NYCFC won’t have Alexander Ring, Ronald Matarrita, and Rodney Wallace, Portland’s without David Guzman and Andy Polo, and Sporting KC loses Daniel Salloi.

The Whitecaps won’t have center back Kendall Waston, while opponents LA Galaxt are without Ola Kamara.

New England Revolution vs. New York City FC — 1:30 p.m. ET Saturday

Brad Friedel‘s New England revolution, purposely lower case, is making believers out of its players. It would take a giant step if it could slow the NYCFC juggernaut. The visitors have allowed just one goal in their 3-0 start.

As for the hosts, Friedel has made his mark in a way that mostly makes you wonder what in the world Jay Heaps was doing:.

(Bunbury) pointed to a fine system in the locker room, increased accountability, how Friedel posts the starting XI on game day, and occasional two-a-day training sessions, which never occurred in the forward’s four years under Heaps.

“I think it unifies the team,” Bunbury said. “The broad sense of professionalism, it’s about having respect for each other and making sure you are held accountable in every part of this club.”

Never occurred under Heaps? Woof.

FC Dallas vs. Portland Timbers — 3:30 p.m. ET Saturday

FCD had an uninspiring ending to their CONCACAF Champions League dreams, but that’s little compared to the Timbers’ 0-2 start under Gio Savarese. A trip down South isn’t a surefire way to right the ship.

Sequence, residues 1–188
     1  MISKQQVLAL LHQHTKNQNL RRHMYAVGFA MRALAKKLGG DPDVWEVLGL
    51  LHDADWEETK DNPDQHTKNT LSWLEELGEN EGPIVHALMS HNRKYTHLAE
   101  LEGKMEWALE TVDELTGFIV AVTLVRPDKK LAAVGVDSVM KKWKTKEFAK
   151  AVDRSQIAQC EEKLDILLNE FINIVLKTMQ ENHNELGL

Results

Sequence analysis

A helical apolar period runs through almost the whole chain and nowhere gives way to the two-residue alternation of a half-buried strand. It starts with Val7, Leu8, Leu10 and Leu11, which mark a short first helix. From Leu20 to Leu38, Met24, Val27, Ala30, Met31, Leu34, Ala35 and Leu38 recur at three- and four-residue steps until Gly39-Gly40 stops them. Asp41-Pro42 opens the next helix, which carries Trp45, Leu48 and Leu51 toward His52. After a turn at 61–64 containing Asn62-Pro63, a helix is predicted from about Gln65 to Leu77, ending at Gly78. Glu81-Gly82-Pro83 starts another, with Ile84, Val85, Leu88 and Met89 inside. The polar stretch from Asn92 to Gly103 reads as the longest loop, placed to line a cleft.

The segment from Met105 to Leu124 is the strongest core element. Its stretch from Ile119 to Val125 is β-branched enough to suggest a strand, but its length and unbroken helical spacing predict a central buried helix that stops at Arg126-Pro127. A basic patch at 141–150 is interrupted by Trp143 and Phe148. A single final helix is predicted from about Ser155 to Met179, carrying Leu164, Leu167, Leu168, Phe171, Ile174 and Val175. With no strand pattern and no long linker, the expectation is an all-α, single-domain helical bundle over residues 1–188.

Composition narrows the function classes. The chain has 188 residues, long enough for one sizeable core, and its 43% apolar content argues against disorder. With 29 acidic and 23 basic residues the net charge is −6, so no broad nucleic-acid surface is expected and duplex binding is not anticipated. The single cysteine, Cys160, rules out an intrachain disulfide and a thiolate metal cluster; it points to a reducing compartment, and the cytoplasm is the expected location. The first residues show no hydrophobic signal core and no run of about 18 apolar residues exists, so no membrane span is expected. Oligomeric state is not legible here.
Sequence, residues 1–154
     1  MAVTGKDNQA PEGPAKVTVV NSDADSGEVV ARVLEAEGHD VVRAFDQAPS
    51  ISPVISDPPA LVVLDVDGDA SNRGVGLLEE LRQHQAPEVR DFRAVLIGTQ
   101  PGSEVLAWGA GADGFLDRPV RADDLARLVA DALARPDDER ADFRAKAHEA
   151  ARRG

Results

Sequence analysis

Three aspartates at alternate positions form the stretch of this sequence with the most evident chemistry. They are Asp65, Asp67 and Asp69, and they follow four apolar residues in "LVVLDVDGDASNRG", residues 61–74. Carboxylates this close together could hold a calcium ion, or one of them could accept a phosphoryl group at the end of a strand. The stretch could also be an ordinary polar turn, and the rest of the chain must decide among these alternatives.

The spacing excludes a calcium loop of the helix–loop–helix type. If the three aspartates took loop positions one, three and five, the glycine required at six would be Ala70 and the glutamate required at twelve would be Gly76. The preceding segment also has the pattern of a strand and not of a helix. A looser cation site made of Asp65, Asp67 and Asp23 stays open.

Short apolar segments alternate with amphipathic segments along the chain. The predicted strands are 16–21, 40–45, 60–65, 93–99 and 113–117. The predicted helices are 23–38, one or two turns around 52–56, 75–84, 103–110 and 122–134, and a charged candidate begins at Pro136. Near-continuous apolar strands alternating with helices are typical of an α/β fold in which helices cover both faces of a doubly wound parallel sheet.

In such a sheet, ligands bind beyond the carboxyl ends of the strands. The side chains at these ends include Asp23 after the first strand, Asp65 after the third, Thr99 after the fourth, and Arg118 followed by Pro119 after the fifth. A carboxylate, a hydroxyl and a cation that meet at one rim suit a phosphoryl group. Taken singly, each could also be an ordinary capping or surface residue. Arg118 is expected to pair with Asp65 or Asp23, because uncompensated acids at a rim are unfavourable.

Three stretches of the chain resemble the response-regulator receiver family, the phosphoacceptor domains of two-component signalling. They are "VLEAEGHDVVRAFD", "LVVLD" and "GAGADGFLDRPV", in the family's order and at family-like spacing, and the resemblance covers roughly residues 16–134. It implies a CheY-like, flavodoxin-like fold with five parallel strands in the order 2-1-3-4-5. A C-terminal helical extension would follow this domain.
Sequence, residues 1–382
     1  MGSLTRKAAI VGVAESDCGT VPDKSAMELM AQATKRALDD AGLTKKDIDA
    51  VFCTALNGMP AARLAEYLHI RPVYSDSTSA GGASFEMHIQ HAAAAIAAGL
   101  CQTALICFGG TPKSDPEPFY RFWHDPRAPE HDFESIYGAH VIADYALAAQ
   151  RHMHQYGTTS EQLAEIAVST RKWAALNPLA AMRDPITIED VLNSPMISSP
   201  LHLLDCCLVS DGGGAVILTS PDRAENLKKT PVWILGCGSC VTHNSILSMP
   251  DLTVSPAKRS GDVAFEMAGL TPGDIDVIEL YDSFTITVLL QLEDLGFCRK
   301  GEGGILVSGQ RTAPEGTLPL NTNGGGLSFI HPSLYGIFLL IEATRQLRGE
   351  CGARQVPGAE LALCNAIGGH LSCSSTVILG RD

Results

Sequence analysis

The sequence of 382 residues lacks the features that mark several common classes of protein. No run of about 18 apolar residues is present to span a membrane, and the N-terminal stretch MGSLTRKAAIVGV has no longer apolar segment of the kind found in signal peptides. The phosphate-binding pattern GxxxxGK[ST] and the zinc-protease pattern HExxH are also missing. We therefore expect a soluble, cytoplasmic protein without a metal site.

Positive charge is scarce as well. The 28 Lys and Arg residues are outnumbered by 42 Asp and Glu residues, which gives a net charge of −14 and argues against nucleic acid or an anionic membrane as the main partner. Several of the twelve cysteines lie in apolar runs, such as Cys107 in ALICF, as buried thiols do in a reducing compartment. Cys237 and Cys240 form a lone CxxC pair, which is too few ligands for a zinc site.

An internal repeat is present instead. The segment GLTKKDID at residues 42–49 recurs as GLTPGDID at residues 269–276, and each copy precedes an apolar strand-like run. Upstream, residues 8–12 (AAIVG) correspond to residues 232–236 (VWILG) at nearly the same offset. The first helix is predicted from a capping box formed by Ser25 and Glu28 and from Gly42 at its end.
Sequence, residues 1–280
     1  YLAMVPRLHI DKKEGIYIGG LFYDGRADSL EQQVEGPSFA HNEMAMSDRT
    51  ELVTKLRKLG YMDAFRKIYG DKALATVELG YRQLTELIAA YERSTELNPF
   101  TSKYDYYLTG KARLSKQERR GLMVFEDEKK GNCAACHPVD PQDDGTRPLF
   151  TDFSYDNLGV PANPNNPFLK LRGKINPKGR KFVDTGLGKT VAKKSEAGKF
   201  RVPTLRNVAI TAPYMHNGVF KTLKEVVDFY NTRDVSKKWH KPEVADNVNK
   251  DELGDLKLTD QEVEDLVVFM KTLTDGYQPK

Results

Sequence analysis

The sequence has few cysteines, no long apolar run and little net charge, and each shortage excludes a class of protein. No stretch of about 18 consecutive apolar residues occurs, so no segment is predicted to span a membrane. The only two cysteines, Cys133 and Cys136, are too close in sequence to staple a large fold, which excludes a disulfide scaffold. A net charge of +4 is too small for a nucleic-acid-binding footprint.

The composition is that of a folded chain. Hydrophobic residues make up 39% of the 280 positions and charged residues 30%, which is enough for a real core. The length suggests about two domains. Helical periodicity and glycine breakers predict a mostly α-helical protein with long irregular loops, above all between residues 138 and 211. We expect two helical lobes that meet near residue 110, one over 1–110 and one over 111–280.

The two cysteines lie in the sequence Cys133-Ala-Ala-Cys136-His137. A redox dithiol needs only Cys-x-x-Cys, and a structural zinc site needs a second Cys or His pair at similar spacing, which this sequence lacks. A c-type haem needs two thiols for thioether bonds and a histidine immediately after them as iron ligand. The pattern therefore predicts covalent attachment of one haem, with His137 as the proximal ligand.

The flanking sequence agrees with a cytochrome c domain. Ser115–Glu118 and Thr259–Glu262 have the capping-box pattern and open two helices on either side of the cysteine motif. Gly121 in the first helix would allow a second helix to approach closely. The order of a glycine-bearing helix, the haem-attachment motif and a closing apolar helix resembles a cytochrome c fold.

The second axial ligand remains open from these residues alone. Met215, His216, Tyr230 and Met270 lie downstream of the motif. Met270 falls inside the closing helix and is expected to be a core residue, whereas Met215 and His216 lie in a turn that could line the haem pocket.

Vancouver Whitecaps vs. LA Galaxy — 10 p.m. ET Saturday

A long trip up North is only made worse by a laundry list of injuries for Sigi Schmid’s Galaxy. We’re only listing it amongst our Top Three because an LA win would be wildly impressive given the ‘Caps strong start.


Columbus Crew vs. DC United — 6 p.m. ET Saturday
New York Red Bulls vs. Minnesota United — 7 p.m. ET Saturday
Colorado Rapids vs. Sporting KC — 9 p.m. ET Saturday

Mourinho: “People with brains” understand Man Utd in transition

AP Photo/Armando Franca
Leave a comment

Jose Mourinho’s been having a little fun on his international break, “managing” a team of superstars including Jamaican sprinter Usain Bolt in a charity match.

[ MORE: Southgate talks racism in football ]

Speaking CNN as part of a publicity run, Mourinho was asked about Manchester United’s second place campaign and disappointment after dropping out of the UEFA Champions League.

Mourinho reiterated his position that United is a team in transition, and that the season is going along at an acceptable clip.

“I understand the frustration, I understand the sadness of being knocked out in the Champions League, but I don’t understand anything more than that,” Mourinho said to CNN’s Amanda Davies.

United has scored the third-most goals in the Premier League, and allowed the fourth-fewest. It’s drastically reduced its propensity to draw matches, which hurt its table position last season, and has already surpassed last season’s goal total.

Two more wins, 10 goals better differential, and the list goes on but unfortunately also includes crosstown rivals running away with the league and still alive in the UCL.

“Of course in the future we want to have 19 clubs behind us but this is the reality,” said Mourinho. “And the reality is for people with brain, with sense, with common sense, with knowledge of what sports is, we are in a moment of transition. Being in a moment of transition and still manage to do what he did last season and win trophies and to do what we are trying to do this season, which is still trying to win a trophy, and try to be second, because in this moment it’s the only top position that is possible for us to get. I think we are in a good position.”